WL I think that is what I was getting at. Not sure that radical is quite the right word, its this fact that in a world that is so overcrowded with images you have to have something different, and yours are different. Yet the thoughts that you inspire are quite, well normal, everyday sort of thoughts, rather than wild thoughts that you might associate with radical…….. its this funny idea of going into a woodland in the dark. I keep thinking I need to go out there in the dark and see what happens……I should do but I’m just chicken! But you have done it combined with an intense view of the everyday. Am I making sense?BlueTit©LIzaDracup

LD It is intense….

WL …..intense rather than radical, then…..

LD …..there is an intensity to it….yes I’d say that. We can’ escape talking about light, we can’t escape Turner as well and how he describes light.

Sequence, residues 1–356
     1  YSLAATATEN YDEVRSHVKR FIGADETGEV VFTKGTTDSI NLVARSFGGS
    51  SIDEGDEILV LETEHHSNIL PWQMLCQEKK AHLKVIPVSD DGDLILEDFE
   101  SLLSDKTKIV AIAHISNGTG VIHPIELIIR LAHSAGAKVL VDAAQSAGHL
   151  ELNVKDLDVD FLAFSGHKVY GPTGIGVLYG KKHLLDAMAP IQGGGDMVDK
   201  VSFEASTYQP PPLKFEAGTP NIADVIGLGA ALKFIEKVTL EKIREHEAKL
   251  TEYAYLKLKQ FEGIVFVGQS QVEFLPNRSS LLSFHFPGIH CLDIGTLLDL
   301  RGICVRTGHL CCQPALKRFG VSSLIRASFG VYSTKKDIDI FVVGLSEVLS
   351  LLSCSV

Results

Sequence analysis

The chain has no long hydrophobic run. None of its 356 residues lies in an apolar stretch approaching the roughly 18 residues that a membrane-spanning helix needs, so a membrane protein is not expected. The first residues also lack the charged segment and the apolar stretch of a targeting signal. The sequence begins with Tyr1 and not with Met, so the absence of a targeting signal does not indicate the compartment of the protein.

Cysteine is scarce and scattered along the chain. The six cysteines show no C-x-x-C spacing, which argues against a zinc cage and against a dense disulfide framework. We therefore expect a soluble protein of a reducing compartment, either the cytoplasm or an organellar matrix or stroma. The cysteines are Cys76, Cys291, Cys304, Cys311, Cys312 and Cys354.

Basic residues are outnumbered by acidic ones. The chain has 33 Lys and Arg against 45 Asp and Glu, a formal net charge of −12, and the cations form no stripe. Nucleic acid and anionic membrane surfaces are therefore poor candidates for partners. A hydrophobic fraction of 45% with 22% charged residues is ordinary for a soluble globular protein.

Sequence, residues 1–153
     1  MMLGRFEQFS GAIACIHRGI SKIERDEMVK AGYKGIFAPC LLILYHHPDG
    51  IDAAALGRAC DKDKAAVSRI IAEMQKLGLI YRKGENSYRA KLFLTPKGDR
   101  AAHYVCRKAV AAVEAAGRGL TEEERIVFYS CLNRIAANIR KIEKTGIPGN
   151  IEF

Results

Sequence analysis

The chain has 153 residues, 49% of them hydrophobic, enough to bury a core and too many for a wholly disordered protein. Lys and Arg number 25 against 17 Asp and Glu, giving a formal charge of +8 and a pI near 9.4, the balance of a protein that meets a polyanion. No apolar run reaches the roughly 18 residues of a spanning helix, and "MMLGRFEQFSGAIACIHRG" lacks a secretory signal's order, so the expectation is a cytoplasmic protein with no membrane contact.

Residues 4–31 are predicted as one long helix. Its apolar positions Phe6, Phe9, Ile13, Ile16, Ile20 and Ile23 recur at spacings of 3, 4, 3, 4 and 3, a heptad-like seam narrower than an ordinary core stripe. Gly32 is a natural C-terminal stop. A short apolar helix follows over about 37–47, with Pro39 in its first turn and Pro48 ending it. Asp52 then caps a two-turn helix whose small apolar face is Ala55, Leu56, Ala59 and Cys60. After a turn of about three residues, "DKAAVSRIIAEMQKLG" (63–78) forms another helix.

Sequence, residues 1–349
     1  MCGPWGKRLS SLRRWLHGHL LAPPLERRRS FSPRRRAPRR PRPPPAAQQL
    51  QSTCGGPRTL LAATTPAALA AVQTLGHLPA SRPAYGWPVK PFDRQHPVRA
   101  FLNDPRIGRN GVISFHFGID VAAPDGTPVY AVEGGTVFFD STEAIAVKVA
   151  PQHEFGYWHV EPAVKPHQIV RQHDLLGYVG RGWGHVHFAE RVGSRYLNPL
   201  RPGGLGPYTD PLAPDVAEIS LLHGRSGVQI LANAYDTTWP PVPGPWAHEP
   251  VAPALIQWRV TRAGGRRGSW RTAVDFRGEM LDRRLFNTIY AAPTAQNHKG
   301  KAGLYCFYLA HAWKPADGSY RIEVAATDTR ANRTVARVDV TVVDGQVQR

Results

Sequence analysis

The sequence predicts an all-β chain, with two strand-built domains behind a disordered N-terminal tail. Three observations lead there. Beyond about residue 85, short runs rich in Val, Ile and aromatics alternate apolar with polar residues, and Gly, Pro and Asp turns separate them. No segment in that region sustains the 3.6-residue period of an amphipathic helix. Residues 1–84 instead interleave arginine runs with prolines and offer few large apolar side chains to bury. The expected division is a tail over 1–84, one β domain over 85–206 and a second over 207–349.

WL You’ve not nailed yourself to a tree though to see what its like being fixed there all night? That’s what he did, or at least claims to have done, when he painted the storm at sea – he roped himself to a mast.

LD ……but then would it give it more validity? I guess it could do in certain circumstances?

WL Liza, that’s brilliant stuff thank you so much for such an inspiring walk around your work

All images © Liza Dracup

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One comment

  1. Pingback: Liza Dracup – Sharpe’s Wood | Lynda Kuit Photography – Landscape